The Dartmouth Insurgency

April 25, 2005

IF YOU’RE NOT A DARTMOUTH alum, there are still two reasons to care about this year’s alumni trustee election: Peter Robinson and Todd Zywicki, who are running as insurgents. Robinson is an author and Hoover Institution scholar best known for penning Ronald Reagan’s Berlin Wall speech in 1987. Zywicki is a George Mason University law professor and blogger for the popular Volokh Conspiracy site. They are Dartmouth grads–classes of 1979 and 1988, respectively. Each launched a petition drive last winter to get his name on the 2005 alumni trustee ballot, using Internet-assisted word-of-mouth to collect the required 500 signatures. Both received well over that number–thanks largely to the powers of the blogosphere.

Some of their campaign themes are unique to Dartmouth. But Robinson and Zywicki focused chiefly on an issue with nationwide relevance: politically correct campus speech codes. This touched a nerve. Voting, which is open to all Dartmouth alums, began on March 7 and winds up May 6. As some see it, a Robinson and/or Zywicki victory would be a watershed. "If they win," says David French, president of the Foundation for Individual Rights in Education (FIRE), it will mark an "academic freedom counterinsurgency." But do the petition candidates have a prayer?

If recent history offers a guide, the answer is yes. In 2004, engineering tycoon T.J. Rodgers (Dartmouth ’70), a self-described libertarian, mounted a similar petition bid and succeeded. Rodgers beat out three nominees handpicked by the Dartmouth alumni council. They were gunning for one open spot on the board. This year, Robinson and Zywicki are challenging four council-selected nominees in a race for two open positions.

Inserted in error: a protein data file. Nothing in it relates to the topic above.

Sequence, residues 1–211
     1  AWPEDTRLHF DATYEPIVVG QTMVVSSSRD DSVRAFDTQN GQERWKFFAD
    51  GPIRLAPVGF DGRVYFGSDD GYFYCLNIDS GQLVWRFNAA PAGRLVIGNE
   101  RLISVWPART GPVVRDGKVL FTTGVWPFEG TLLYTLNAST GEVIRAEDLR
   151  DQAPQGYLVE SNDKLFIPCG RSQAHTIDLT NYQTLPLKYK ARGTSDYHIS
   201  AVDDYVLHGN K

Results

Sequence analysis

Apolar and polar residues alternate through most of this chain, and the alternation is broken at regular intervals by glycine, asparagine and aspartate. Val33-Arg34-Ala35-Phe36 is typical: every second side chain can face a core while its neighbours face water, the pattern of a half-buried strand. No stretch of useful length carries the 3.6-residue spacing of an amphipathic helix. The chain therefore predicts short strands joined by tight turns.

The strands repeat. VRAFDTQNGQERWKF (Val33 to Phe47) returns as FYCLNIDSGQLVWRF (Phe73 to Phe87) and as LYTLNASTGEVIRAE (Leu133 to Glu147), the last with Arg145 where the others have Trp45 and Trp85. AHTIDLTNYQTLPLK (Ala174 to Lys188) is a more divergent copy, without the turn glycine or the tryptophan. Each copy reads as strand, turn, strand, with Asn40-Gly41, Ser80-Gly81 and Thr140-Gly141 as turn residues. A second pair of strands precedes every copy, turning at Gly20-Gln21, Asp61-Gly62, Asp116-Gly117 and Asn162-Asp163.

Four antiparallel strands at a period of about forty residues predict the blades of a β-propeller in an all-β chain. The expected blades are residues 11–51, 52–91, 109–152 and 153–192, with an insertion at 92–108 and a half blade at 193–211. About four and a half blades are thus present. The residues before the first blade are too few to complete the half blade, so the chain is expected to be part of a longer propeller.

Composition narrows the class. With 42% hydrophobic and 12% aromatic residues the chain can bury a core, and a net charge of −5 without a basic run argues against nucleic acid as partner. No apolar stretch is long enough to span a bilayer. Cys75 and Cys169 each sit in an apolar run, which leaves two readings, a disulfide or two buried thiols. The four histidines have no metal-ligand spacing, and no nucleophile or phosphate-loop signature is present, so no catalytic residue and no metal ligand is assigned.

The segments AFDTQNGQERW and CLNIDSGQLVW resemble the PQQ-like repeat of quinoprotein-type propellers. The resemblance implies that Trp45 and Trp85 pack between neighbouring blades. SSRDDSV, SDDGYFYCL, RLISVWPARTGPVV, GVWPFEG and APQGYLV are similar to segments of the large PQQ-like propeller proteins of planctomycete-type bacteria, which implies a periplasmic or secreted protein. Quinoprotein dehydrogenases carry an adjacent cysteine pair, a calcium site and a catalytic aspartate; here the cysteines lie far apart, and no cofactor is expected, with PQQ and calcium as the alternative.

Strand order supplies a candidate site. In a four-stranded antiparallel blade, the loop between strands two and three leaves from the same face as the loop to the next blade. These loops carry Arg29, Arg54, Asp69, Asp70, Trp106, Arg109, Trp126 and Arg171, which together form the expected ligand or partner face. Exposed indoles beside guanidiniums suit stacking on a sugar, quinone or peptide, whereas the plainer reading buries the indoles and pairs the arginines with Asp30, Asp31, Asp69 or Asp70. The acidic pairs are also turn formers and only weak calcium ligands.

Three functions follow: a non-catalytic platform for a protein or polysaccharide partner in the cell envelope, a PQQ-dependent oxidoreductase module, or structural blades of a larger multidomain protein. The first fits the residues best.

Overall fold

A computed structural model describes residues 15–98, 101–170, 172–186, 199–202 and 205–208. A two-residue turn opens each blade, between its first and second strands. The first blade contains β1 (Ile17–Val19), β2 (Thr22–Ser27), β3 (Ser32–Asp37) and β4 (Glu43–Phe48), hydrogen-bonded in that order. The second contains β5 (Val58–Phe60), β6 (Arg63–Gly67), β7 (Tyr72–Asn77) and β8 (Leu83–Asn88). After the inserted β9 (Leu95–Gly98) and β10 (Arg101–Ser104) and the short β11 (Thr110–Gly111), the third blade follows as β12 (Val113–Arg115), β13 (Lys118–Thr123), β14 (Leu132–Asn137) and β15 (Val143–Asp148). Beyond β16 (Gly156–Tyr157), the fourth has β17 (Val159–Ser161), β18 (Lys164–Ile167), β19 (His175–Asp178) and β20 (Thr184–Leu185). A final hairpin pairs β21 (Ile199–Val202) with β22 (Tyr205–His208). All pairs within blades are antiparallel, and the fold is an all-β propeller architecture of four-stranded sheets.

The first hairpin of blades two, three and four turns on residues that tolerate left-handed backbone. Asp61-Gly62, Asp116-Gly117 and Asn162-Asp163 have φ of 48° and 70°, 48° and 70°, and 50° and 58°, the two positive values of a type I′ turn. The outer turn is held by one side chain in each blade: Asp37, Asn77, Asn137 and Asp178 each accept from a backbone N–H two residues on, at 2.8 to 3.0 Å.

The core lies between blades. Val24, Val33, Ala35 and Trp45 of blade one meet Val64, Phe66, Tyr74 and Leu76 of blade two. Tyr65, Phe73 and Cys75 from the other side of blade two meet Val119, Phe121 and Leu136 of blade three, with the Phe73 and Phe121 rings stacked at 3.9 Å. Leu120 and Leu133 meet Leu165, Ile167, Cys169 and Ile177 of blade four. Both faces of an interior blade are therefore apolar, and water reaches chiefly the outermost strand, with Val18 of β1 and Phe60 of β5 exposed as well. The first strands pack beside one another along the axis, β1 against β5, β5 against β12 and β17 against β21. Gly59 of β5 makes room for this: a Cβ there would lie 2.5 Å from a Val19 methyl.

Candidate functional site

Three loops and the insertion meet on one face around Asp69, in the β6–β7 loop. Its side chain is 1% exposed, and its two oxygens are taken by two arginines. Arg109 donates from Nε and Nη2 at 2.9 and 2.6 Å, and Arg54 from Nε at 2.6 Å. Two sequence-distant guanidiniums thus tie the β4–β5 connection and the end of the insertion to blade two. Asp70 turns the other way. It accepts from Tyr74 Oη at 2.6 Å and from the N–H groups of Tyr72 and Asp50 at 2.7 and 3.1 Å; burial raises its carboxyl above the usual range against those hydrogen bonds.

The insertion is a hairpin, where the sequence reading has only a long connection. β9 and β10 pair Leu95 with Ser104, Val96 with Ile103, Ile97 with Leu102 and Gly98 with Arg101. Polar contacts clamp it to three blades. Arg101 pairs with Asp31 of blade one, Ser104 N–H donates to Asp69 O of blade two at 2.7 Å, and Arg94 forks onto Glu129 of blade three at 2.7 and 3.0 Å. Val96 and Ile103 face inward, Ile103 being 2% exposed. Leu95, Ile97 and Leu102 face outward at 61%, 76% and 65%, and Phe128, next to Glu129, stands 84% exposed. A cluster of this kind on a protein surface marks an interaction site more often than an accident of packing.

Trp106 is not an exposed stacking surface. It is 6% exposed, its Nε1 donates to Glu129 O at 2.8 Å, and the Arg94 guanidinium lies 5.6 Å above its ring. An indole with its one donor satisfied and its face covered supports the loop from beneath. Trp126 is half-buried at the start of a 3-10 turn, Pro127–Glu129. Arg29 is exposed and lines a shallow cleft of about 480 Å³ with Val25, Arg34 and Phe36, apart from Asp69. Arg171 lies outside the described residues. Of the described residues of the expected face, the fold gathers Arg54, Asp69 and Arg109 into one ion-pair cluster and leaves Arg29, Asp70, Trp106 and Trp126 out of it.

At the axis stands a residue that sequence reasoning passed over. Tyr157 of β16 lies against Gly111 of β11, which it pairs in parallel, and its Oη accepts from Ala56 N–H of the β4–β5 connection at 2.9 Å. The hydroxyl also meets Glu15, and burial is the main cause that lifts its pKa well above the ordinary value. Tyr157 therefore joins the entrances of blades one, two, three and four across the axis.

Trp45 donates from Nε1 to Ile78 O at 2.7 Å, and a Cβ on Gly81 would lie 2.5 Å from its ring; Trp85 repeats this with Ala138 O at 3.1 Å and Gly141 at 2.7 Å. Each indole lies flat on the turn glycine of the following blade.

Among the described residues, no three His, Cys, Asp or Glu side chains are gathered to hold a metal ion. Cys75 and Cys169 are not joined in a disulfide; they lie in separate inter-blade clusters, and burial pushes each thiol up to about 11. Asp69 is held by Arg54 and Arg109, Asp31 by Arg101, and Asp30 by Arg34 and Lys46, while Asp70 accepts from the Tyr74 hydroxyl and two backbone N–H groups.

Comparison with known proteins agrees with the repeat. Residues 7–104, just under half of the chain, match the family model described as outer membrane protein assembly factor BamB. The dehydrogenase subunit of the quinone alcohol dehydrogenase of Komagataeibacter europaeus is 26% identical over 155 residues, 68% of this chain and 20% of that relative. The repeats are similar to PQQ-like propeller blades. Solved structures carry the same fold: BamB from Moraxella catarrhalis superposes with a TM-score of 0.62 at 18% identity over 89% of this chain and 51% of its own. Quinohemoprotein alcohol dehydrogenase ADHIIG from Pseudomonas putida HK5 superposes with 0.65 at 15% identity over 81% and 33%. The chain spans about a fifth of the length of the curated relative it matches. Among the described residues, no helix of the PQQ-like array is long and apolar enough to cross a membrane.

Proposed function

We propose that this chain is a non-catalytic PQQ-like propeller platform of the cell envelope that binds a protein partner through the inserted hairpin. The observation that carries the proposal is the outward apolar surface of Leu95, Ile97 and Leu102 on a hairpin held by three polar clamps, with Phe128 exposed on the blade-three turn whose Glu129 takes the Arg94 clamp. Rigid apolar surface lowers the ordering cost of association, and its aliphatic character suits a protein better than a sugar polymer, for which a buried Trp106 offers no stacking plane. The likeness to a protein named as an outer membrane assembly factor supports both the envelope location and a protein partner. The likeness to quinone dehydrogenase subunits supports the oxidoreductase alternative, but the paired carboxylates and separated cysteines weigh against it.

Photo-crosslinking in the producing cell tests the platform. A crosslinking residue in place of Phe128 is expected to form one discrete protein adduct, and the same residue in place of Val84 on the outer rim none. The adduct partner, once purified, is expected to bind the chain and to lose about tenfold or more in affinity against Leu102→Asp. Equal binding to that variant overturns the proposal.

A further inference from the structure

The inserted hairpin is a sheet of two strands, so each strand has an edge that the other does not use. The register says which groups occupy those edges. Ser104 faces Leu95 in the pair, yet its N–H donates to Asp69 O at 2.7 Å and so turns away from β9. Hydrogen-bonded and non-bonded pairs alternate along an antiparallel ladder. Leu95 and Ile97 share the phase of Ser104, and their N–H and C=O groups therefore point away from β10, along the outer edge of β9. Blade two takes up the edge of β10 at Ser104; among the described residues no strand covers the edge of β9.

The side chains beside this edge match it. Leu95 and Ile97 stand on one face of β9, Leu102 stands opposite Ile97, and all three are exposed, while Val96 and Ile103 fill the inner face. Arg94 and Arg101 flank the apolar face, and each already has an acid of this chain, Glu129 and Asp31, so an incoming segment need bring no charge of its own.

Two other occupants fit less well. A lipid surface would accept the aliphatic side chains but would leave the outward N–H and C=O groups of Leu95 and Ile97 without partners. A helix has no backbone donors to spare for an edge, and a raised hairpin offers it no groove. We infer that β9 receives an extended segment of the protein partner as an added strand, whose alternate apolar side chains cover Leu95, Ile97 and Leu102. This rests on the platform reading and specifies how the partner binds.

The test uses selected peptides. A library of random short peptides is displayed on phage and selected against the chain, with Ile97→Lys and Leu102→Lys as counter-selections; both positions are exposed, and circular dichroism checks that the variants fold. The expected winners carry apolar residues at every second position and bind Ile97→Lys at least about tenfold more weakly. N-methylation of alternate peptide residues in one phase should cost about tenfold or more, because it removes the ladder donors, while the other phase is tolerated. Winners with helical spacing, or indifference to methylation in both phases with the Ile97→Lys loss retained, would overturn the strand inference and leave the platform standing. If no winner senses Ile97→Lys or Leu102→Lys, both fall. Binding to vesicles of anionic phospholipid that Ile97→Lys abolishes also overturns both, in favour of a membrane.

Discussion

Dartmouth’s trustee rules are designed to lend the board a representative character. According to guidelines in place since 1891, alumni get to choose essentially half its members. After the 2005 election, for instance, the board will consist of nine charter trustees (chosen by the board itself), nine alumni trustees (voted in by the alums), plus two ex officio members: the Dartmouth president and the New Hampshire governor. But it’s hardly a vibrant democracy. Ordinarily, the alumni council assembles the full docket of alumni nominees for every election. There is a petition loophole, though, exploited last year by Rodgers and now by Robinson and Zywicki.

Though their twin candidacies may seem prearranged, Robinson and Zywicki say it’s mere serendipity. "We’ve only met once," says Robinson, "and talked on the phone ten times, maybe." That meeting came at a Hoover event in March. Both say they were spurred to run in part by Rodgers’s success. And their issues–no to speech codes, yes to improving academic life for Dartmouth undergrads–mirror those of the Rodgers campaign.

Robinson, Zywicki, and Rodgers all insist the matters at stake don’t conform to traditional left-right divides. "This is not a conservative-versus-liberal election," says Zywicki. "We’ve not run as conservatives." Nor has Rodgers been a right-wing crusader during his brief time on the board. "I have scrupulously avoided left-right issues on campus," Rodgers stresses.

Nevertheless, the presence on the ballot of two Dartmouth critics–and two conservative ones, at that–has spooked some alums, especially coming on the heels of Rodgers’s victory. A group called "Alumni for a Strong Dartmouth" put up a website in February (strongdartmouth.org), which finds Robinson and Zywicki "lacking compared to the other candidates."